Why would anyone think this was a unique ability? It's just unfocusing your eyes. I do it all the time while drawing from a figure. It helps me look at a scene as areas of light and dark instead of as three dimensional objects.
For real, though, every human with properly functioning eyes can do this. Your eye changes its focal length all the time.
Ok people, its not the same as focusing on one thing and blurring everything else out. Its simply blurring EVERYTHING. Near and far. I was just having a convo with people who thought it was strange that I can do this and had to look it up. I have 20/20 vision too. Thats the similarity I've found in all those who have posted that they can blur everything.
I can't believe people think this is a thing. Anyone and everyone is capable of defocusing their eyes.
More interesting question: can anyone else vibrate their eyes back and forth very rapidly such that everything is a blurry mess bouncing left to right? I can do it, I have a couple of cousins who can do it, but otherwise I've never met anyone else who could. Not that I normally go around asking strangers if they can vibrate their eyes back and forth...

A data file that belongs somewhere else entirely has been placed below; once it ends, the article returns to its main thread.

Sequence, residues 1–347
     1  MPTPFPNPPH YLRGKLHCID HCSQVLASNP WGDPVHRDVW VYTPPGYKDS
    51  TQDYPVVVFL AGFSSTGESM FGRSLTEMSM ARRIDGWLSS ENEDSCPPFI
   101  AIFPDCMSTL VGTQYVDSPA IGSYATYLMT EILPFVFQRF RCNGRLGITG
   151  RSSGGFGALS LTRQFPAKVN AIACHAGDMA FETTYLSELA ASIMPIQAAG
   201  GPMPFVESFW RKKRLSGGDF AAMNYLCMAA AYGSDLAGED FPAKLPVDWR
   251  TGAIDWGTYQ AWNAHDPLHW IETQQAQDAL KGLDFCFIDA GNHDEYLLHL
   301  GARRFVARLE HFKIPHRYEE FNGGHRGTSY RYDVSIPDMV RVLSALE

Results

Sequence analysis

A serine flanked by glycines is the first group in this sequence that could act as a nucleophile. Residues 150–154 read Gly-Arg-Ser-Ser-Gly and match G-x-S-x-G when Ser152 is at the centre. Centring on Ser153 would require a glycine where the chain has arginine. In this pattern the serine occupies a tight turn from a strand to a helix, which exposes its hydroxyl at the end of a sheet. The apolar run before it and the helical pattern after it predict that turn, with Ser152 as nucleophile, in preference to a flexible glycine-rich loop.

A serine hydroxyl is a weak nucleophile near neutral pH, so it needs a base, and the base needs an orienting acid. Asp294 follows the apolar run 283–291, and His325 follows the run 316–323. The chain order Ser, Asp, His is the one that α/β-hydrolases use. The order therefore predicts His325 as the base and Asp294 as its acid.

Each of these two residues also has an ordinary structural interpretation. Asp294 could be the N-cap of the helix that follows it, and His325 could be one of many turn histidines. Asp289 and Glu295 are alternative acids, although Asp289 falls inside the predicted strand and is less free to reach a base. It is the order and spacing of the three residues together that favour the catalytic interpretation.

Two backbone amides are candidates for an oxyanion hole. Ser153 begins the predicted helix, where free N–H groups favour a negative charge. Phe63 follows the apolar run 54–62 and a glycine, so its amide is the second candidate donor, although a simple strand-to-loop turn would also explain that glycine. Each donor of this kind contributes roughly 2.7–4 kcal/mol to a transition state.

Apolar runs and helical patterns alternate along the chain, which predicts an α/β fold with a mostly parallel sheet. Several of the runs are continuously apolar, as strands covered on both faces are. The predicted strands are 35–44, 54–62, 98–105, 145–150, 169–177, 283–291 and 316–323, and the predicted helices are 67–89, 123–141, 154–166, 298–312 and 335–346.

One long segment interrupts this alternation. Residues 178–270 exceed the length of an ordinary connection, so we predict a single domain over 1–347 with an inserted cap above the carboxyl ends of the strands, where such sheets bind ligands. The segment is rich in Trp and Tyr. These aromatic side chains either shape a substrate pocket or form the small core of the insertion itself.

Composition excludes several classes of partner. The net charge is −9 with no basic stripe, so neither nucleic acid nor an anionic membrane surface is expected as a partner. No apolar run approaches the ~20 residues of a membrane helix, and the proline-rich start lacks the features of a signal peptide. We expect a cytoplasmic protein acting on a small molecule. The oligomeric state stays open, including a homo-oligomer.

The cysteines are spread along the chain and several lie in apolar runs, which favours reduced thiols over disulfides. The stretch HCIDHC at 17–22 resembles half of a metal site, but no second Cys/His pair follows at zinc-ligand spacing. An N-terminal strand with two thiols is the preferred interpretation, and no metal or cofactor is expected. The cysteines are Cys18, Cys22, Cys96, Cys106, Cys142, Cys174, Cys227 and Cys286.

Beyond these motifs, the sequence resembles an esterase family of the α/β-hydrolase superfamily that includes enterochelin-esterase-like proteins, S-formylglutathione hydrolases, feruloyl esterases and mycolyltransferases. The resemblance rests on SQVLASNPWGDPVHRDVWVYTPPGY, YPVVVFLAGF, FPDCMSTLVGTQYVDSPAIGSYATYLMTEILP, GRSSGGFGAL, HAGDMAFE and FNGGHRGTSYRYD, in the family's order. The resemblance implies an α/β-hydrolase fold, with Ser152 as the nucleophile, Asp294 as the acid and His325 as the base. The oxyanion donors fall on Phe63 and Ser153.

Hello internet, google brought me here. I was curious why I would have a skill of blurring my eyes. It's not like crossing your eyes I see it like unfocusing but who knows how to explain how to do it. Funny I think of it like eagle vision but of course by ubfocusing its only blurry. 20/20 vision left eye is 20/15 lol learned at Meps and color deficiant. Maybe just a useless skill to do.